The UK residential sector is larger than the commercial real estate sector. To date, however, there has been a noticeable lack of institutional investment, with a significant proportion of stock owned by individuals and small scale buy-to-let landlords. 

Figure 4 shows that, historically, only three per cent of the investment in the private residential rental sector has been institutional, which could provide opportunities to invest while the market is still at an early stage of maturity. 

Generally, with low levels of maturity comes higher relative yields; investing in the UK single-family housing sector with favourable structural dynamics could lead to greater resilience against the upward movement in government bond yields and interest rates. 

Figure 4: Institutional investment - commercial versus residential property (stock value £bn)
Source: Packaged Living, April 20211

Figure 5 illustrates the UK residential sector is expected to remain the most resilient against rising inflation. It is forecast to see average rental growth of 3.6 per cent between 2021–2026, while industrials and offices are forecasted to witness three per cent and 1.7 per cent growth respectively. 

Figure 5: Estimated rental value growth: residential, offices, industrial
Source: Aviva Investors and PMA, August 2022

One of the key reasons for the expected growth in the rental market is that buying a property is becoming even less affordable, as Figure 6 shows. Rising interest rates feed into higher mortgage repayments, meaning an increasing number of individuals and families are being priced out of markets (assuming house prices don’t fall).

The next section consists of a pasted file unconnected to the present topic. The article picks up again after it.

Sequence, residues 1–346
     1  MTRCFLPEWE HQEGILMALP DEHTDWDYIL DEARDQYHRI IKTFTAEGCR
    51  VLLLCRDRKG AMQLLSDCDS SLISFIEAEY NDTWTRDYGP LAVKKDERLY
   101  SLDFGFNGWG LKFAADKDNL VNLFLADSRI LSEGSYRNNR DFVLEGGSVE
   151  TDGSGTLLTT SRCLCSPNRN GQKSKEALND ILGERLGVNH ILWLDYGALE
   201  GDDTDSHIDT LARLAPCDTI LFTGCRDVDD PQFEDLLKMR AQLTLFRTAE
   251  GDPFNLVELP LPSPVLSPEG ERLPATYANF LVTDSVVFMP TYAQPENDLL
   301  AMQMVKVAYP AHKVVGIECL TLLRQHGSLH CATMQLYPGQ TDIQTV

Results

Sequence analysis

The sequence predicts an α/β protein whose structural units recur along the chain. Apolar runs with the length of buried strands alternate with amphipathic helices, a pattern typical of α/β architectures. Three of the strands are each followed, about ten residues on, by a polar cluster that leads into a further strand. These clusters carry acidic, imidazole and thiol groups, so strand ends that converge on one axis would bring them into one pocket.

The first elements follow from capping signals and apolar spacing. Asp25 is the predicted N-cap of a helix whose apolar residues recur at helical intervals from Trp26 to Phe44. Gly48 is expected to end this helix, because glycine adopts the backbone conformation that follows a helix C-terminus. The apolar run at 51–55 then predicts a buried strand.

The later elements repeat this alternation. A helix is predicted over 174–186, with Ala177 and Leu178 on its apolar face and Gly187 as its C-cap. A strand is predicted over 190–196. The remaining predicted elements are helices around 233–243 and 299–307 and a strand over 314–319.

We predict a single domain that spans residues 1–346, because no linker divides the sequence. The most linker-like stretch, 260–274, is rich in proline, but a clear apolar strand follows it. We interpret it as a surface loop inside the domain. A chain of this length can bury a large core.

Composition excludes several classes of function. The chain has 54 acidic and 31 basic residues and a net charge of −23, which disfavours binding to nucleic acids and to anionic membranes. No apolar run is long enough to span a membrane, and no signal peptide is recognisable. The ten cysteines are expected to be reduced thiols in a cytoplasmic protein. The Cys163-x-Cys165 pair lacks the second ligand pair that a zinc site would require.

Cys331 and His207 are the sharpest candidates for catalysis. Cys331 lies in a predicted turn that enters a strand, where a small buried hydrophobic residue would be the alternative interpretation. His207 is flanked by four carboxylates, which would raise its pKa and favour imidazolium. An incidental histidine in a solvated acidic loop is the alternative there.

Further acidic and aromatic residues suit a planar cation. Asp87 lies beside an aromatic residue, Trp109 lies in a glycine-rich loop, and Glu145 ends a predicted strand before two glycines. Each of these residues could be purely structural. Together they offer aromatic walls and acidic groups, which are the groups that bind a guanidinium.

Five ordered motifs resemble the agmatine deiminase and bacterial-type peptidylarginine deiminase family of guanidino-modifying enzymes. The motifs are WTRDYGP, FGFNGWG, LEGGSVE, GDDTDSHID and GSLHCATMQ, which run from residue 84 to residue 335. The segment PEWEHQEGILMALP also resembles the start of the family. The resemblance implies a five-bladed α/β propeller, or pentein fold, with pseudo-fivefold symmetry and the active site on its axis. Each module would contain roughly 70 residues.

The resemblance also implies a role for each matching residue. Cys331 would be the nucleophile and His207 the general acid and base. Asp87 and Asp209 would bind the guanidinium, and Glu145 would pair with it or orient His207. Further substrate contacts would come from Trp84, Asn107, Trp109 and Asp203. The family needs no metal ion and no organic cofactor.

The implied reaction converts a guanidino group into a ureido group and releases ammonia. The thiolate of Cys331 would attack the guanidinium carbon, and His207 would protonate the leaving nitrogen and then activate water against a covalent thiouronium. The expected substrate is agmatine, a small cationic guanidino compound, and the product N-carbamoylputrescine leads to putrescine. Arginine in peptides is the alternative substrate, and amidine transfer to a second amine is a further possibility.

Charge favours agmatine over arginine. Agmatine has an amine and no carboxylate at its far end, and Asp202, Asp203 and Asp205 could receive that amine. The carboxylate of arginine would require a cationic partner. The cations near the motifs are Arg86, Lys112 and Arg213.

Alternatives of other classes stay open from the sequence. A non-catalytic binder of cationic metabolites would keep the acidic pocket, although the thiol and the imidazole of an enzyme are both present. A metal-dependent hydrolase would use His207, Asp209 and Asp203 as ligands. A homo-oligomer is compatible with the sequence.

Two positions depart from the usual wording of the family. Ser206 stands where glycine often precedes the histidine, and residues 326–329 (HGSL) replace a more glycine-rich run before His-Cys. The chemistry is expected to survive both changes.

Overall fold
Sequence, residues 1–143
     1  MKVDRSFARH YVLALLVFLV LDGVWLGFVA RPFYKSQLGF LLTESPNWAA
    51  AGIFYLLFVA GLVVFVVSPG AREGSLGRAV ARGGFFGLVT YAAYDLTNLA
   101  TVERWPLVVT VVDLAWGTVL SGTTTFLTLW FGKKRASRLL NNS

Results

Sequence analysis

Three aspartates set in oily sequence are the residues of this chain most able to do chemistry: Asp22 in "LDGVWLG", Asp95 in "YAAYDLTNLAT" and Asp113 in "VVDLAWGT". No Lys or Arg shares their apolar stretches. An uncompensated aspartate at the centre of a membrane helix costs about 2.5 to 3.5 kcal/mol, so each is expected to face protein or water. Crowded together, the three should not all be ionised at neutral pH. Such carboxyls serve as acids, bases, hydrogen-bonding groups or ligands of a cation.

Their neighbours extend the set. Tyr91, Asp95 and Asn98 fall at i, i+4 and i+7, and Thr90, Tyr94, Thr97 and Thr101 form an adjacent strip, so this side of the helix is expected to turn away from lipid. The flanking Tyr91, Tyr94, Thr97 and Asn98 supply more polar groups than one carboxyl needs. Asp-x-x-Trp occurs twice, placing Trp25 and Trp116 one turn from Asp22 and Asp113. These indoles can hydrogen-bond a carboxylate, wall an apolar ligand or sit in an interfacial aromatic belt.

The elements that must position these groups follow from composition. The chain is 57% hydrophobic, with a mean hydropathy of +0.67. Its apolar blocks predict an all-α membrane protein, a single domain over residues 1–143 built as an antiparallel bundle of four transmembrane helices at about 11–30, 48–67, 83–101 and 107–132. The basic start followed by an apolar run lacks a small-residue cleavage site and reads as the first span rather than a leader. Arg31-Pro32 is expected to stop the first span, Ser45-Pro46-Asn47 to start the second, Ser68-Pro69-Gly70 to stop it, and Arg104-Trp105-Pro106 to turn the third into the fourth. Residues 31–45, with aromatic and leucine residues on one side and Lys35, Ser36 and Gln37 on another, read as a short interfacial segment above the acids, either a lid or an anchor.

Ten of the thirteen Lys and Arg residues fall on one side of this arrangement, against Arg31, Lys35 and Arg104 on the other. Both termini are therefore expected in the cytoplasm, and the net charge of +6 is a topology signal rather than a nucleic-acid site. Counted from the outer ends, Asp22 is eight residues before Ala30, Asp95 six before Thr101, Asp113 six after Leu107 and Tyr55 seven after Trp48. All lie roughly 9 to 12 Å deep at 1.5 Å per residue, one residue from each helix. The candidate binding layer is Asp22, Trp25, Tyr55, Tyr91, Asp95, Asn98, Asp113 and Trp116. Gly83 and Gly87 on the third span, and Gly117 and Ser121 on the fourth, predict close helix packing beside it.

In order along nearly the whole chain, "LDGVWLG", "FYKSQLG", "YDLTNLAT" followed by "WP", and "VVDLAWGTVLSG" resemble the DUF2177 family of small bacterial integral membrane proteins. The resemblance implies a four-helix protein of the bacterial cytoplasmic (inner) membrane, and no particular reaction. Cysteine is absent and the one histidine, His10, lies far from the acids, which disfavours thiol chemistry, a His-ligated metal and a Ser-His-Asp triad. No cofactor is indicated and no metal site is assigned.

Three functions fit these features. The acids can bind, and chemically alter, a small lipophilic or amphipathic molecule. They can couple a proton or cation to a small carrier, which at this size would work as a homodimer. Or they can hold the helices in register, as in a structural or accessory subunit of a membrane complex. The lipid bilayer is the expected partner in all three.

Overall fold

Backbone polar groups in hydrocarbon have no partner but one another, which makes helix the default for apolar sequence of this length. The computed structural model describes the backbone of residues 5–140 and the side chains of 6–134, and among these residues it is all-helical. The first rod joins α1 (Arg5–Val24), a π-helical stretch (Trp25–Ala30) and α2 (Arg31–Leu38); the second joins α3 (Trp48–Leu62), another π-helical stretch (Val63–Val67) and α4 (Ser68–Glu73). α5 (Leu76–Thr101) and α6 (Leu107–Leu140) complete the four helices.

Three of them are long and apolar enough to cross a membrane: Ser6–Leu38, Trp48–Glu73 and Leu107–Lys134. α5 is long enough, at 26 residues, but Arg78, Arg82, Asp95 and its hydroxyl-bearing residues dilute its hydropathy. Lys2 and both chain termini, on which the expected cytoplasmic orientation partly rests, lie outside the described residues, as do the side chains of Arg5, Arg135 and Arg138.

Figure 6: Monthly mortgage repayments and mortgage-to-income rate
Source: Oxford Economics, PMA, ECB, The Global Economy and Aviva Investors. Data as of June 2022

Hybrid working is here to stay

Office occupancy has slowly increased after the steep decline experienced during the first wave of COVID-19. Nevertheless, occupancy rates are still far off pre-pandemic levels despite the removal of social distancing rules, suggesting the hybrid working model will be a lasting legacy.

Figure 7: European average office occupancy rates (per cent)
Note: Historic data reflects Republic of Ireland and UK.
Source: Savills, August 2022

And with hybrid working, there is a clear pattern emerging about which days of the week people like to be in the office – at least in London. As Figure 8 demonstrates, Thursday is the new Friday.  

Figure 8: London office occupancy by weekday (per cent)
Source: Savills. Data as of June 2022

One of the most interesting trends is that cities with the lowest transport costs have, on average, higher office occupancy rates (see Figure 9). London is at the bottom of the list – food for thought perhaps for those running and regulating the city’s vast, but pricey, transport network.